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More news from Stardust: scientists have now identified what they think is the crater produced by Deep Impact’s impact in 2005. Key quote:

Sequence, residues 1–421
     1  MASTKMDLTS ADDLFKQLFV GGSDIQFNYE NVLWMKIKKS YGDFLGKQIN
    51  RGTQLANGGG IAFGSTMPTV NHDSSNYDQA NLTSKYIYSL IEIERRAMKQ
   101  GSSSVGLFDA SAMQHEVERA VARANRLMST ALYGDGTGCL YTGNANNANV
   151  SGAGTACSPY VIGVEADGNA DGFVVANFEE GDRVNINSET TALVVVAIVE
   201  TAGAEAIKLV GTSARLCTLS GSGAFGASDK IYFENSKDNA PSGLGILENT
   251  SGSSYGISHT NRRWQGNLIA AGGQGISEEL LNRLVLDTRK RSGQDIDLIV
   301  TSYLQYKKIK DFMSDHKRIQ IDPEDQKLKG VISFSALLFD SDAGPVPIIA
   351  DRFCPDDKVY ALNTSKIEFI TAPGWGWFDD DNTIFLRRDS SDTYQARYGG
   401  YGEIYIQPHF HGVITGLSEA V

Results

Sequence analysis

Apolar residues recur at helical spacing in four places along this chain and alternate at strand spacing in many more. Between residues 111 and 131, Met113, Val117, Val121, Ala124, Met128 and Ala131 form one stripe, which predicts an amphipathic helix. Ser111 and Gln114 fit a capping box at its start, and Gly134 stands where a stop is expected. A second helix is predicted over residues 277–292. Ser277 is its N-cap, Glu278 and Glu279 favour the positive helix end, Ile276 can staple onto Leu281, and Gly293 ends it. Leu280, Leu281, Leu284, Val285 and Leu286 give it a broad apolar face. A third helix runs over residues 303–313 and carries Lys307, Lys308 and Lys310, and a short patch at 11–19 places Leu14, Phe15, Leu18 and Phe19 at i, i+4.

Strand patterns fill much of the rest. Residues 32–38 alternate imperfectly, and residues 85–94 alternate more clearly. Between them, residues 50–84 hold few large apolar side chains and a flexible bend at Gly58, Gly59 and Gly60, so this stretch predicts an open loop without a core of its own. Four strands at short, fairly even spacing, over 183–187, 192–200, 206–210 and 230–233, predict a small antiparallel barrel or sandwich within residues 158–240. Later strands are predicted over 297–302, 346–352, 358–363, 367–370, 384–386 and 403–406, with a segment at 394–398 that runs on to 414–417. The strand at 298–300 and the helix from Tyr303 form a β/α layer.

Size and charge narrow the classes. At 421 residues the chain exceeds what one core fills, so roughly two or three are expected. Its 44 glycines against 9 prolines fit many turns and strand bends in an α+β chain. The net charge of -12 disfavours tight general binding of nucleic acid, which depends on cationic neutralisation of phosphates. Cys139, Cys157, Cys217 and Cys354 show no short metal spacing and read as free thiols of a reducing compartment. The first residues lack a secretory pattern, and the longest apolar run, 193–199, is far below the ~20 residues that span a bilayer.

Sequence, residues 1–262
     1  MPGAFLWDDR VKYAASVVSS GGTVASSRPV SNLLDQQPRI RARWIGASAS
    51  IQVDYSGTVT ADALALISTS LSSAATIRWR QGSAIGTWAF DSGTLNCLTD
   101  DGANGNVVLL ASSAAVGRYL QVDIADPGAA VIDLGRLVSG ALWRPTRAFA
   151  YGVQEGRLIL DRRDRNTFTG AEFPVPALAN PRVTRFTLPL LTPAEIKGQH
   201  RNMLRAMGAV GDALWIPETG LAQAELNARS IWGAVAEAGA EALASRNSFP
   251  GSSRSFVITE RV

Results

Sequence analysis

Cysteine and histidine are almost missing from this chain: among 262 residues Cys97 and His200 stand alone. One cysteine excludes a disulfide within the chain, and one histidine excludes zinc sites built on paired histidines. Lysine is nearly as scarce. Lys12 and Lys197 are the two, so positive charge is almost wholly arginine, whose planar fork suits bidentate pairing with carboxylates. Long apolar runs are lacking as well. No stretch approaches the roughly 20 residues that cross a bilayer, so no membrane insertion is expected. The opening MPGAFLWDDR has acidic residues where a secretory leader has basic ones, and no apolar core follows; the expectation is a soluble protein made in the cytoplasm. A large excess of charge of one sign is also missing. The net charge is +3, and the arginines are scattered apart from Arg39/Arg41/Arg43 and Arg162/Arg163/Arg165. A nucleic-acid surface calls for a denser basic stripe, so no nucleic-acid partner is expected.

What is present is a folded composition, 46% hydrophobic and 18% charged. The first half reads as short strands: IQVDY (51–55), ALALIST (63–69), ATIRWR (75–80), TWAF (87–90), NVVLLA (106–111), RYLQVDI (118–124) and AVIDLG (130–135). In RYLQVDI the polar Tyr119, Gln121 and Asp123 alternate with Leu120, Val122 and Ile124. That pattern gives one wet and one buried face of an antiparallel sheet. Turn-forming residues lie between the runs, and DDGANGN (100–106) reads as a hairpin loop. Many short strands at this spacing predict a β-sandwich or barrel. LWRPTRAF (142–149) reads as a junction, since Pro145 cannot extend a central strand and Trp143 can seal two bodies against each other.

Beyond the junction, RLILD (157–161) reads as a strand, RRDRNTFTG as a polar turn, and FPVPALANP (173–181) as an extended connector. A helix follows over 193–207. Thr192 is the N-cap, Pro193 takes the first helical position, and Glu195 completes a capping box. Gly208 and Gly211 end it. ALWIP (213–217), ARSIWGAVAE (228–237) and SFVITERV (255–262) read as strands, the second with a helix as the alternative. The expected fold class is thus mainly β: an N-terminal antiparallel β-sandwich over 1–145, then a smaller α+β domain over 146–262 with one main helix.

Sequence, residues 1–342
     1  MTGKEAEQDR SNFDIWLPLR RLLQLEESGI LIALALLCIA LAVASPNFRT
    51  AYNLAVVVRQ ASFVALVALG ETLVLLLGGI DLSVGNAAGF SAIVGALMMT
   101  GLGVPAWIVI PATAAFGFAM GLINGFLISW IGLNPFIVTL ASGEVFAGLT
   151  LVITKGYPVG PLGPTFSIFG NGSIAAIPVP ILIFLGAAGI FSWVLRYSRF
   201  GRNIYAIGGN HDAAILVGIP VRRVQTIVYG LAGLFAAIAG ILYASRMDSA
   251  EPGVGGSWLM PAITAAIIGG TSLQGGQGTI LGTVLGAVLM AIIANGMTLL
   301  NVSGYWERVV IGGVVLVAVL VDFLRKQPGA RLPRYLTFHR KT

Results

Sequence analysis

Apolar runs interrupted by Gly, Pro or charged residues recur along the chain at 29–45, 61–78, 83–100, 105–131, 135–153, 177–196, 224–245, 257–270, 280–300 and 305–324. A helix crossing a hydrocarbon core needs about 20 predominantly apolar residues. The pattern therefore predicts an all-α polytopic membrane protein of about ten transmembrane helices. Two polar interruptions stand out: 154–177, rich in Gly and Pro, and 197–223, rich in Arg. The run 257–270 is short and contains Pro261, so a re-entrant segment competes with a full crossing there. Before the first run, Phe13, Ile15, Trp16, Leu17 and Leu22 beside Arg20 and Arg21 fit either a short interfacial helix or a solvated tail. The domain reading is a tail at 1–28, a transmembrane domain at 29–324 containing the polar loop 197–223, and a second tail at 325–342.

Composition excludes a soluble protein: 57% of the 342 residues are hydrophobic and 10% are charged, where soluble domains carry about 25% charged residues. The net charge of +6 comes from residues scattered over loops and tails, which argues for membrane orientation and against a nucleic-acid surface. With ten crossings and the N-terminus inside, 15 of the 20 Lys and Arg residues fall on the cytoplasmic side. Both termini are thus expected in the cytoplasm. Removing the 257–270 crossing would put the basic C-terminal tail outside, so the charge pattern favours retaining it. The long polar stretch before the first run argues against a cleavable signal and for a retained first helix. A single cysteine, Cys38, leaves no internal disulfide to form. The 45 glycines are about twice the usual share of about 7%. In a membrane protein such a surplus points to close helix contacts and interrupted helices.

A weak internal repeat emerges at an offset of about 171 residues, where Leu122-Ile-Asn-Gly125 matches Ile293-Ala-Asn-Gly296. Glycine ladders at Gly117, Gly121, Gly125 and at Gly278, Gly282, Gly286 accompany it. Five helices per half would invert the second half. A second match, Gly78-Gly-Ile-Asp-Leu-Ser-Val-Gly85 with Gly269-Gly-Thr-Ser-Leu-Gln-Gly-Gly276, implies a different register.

The images revealed a 150-metre-wide crater at the Deep Impact collision point that was not present in 2005. The crater is a subtle feature in the images, but it appears consistently in multiple views from the spacecraft. “So I feel very confident that we did find the [impact] site,” said mission member Peter Schultz of Brown University in Providence, Rhode Island, at a press briefing on Tuesday. The crater’s features are “subdued” rather than sharply defined, like those of craters made in hard materials like rock. “The message is: This surface of the comet where we hit is very weak,” said Schultz. The crater also has a small mound in its middle, indicating that some of the material thrown up by the impact was drawn by the comet’s gravity back down into the crater, he said: “In a way, it partly buried itself.”